New Jersey Department of Military and Veterans Affairs
DMAVA Highlights Archives

17 October 2003

Volume 2, Number 27

NJ Dept of Military and Veterans Affairs

BG Glenn K. Rieth

The Adjutant General

COL Maria Falca-Dodson

Deputy Adjutant General

COL (Ret) Emil H. Philibosian

Deputy Commissioner for Veterans Affairs

Contacting us is easy!

Office of the

Joint Chief of Staff

Col (Ret) Michael B. Smith

Mrs. Laura A. Branham


(609) 530-6987


(609) 530-7109


We're on the Web!


"Character cannot be developed in ease and quiet. Only through experience of trial and suffering can the soul be strengthened, ambition inspired, and success achieved."

.Helen Keller

Calendar Notes.


NJ State Employees Charitable Campaign is now underway.


Flag Retirement Ceremony

11 November 2003 10:30 a.m.

BG Doyle Veterans Memorial Cemetery

2003 World Series

begins this weekend.


Weekend game times

Game 1 - Saturday

18 October

7:35 p.m.

Game 2 - Sunday

19 October

7:35 p.m.


108th Air Refueling Wing Garners Top Awards.

The 108th Air Refueling Wing received the coveted Air National Guard Distinguished Flying Unit plaque and the Curtis N. "Rusty" Metcalf Trophy at the 125th annual National Guard Association of the United States convention held recently in Gulfport, Mississippi. Lt Gen Daniel James, Director of the Air National Guard, presented the awards.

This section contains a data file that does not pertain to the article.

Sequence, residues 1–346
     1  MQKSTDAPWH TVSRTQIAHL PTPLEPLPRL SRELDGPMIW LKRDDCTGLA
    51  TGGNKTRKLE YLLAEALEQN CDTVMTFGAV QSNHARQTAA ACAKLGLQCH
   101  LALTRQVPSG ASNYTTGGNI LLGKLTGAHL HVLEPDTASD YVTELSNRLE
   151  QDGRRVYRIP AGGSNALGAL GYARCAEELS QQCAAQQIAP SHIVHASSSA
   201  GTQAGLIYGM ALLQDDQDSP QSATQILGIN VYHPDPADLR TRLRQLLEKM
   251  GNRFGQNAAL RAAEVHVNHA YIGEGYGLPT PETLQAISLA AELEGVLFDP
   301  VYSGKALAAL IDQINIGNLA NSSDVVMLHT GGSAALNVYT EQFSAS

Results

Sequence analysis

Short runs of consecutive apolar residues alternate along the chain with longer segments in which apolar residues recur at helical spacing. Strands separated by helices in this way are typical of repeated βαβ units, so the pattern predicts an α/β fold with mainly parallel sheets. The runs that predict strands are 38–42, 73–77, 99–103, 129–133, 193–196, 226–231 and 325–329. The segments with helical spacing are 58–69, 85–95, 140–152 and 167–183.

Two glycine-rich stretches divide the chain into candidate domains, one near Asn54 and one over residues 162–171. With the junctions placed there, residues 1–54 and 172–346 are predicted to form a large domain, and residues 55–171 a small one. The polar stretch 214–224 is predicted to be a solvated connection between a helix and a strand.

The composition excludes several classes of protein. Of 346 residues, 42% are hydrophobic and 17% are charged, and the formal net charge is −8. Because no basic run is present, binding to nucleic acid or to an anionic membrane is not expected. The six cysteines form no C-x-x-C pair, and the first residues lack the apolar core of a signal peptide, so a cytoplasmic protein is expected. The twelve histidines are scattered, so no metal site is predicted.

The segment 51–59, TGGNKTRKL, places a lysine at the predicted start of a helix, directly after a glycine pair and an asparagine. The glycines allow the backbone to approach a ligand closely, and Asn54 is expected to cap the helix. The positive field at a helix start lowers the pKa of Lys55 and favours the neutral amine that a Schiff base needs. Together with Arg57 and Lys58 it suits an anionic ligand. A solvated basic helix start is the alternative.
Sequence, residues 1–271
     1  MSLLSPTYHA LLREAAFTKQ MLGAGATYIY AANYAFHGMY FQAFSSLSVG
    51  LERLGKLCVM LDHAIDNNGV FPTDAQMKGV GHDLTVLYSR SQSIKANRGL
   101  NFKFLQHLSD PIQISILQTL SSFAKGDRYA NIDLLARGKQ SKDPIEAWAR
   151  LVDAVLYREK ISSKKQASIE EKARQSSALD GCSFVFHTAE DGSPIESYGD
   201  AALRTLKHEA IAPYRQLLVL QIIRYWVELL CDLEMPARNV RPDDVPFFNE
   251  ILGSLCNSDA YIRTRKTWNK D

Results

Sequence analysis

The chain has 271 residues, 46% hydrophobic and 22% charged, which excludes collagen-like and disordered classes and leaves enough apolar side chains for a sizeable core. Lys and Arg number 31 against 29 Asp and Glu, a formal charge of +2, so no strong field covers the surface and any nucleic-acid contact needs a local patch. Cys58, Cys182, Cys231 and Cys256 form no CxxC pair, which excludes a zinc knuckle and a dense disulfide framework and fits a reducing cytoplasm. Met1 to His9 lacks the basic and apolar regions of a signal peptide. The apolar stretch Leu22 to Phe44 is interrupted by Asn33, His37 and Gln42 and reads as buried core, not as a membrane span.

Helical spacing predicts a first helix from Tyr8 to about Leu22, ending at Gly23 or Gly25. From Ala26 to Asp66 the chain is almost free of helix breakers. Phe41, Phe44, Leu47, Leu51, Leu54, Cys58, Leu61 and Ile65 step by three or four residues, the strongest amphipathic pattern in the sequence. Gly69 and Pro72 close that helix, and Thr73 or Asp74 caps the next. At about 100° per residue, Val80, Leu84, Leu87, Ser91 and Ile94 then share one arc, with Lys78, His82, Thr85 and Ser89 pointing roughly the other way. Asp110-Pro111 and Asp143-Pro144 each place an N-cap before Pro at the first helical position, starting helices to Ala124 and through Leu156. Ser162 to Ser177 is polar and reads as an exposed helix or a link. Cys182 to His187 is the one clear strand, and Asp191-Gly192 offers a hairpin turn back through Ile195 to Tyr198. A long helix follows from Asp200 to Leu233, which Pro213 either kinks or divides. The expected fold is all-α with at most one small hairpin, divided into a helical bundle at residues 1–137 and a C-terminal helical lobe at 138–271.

The Metcalf Trophy recognizes the airlift or air refueling flying unit demonstrating the highest standards of mission accomplishment. The 108th was recognized for overall outstanding performance for the 2002 calendar year.

In 2002, the 108th ARW completed its wartime mission to near perfection in support of the Global War on Terrorism. Over 600 members of the wing were mobilized for Operations Noble Eagle (ONE) and Enduring Freedom (OEF). The wing achieved a 99.5 percent mission effectiveness rate while flying nearly 700 combat and combat support refueling missions over Afghanistan. In ONE, the unit maintained 24-hour alert status and flew an average of two Combat Air Patrol refueling missions daily for a total of 2300 hours on 540 sorties. Overall, the 108th flew over 20% of all Air National Guard tanker missions in support of these two operations.

The 108th Security Forces Squadron mobilized every available member to support multiple locations worldwide including duty at Guantanamo Bay, Cuba, guarding Al-Quaeda detainees. Phoenix Raven teams deployed to classified sites overseas and regular forces support Homeland Defense at McGuire and other U.S. locations.

According to 108th ARW Commander, Colonel Larry Thomas, "I couldn't be more proud of the men and women of this wing. Receiving these two prestigious awards shows the defense community, as well as the American people, the 'stuff' we're made of."

4% of the defense budget doesn't seem like a lot until you give it to the National Guard.

       55% of the Air Force's airlift capability

       50% of the Army's strategic and tactical manpower

       63% of the Air Force's air traffic control capability

       55% of the Army's combat capability

       45% of all in-flight refueling missions

       75% of all domestic combat air patrols in the war on terror.

       89,000 mobilized airmen and soldiers

       Over 300 yearly missions providing domestic disaster relief